The earlier months of the pandemic saw younger workers moving from mostly service-based industries to better paying positions or relying on government subsidies in what has been dubbed ‘The Great Resignation’. Since then the US has begun to see a shift towards older workers mostly in permanent positions, particularly knowledge workers, resigning in what is now being dubbed ‘The Great Midlife Crisis’ by Columbia Business School professor Adam Galinsky. He says, “At the midpoint of life, we become aware of our own mortality, and it allows us to reflect on what really matters to us.” The pandemic has amplified this phenomenon. Dan Springer, the CEO of DocuSign, suggests that leaders are looking at this in the wrong way and that it should be reframed as what can businesses do to attract staff instead of what can they do to stop them from leaving in the first place. He calls this ‘The Great Embrace’.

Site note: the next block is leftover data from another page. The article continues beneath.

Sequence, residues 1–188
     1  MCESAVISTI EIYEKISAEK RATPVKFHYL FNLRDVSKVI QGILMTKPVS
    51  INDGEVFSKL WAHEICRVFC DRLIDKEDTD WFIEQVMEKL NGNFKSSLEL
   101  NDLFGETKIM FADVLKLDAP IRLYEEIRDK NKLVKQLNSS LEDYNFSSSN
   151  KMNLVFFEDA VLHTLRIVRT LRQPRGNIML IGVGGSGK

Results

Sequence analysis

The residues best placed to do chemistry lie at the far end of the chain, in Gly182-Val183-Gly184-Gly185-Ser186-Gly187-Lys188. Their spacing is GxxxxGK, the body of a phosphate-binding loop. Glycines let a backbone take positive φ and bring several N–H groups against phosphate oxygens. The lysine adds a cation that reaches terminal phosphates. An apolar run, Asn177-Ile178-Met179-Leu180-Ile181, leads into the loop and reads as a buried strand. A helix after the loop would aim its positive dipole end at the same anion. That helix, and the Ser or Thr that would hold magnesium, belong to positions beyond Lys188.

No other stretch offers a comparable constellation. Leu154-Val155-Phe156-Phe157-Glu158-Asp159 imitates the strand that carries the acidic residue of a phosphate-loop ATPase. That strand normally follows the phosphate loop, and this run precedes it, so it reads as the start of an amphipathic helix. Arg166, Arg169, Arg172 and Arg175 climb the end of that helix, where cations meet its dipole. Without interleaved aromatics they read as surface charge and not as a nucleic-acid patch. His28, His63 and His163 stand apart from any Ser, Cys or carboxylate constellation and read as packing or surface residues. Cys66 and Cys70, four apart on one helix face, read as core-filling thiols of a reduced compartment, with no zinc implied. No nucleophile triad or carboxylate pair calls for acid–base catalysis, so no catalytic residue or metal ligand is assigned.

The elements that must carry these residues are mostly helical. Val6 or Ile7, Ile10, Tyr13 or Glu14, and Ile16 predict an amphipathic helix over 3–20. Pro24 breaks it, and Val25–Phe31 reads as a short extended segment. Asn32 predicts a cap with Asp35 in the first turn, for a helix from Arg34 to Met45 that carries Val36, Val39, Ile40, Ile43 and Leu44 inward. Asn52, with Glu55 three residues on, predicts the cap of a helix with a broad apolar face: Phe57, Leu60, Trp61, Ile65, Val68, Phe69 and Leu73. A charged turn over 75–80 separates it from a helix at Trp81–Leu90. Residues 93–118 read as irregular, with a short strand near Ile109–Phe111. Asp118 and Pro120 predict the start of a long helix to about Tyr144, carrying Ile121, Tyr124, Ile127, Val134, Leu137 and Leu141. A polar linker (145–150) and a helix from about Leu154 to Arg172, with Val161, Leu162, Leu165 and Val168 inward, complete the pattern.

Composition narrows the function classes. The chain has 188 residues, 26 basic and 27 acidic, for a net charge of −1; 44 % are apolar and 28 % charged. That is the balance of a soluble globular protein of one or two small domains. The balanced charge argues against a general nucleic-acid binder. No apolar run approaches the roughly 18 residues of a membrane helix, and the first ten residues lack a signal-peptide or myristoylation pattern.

Why is it important?
Quirky, novelty benefits such as sleep pods and ping pong tables are less important to workers in the current post-pandemic landscape. People are resigning for more substantial benefits such as flexibility and meaning. The cost of failing to understand the needs of the workforce is a loss of access to the best and brightest talent. Employees will resign in the search for better benefits or meaning, and new employees may be difficult to attract. Mandating that workers return to the office, for example, has been facing a backlash from employees, the vast majority of whom, according to research, prefer more flexibility.
What can businesses do about it?
Businesses need to clearly understand what their employees need and offer them benefits accordingly; the most significant one being added flexibility. Consider a more hybrid approach instead of mandating employees back to the office, and offer employees the support they need to work effectively remotely. The pandemic has given people a taste of remote work and employees are not ready to give this up. Workers are choosing companies whose mission aligns with their personal values. Businesses should consider taking a stand on important societal issues which will attract and retain staff who support these causes. Overall, being supportive of a healthy work life balance will go a long way towards keeping employees happy.
By Faeeza Khan
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Image credit: Alex Green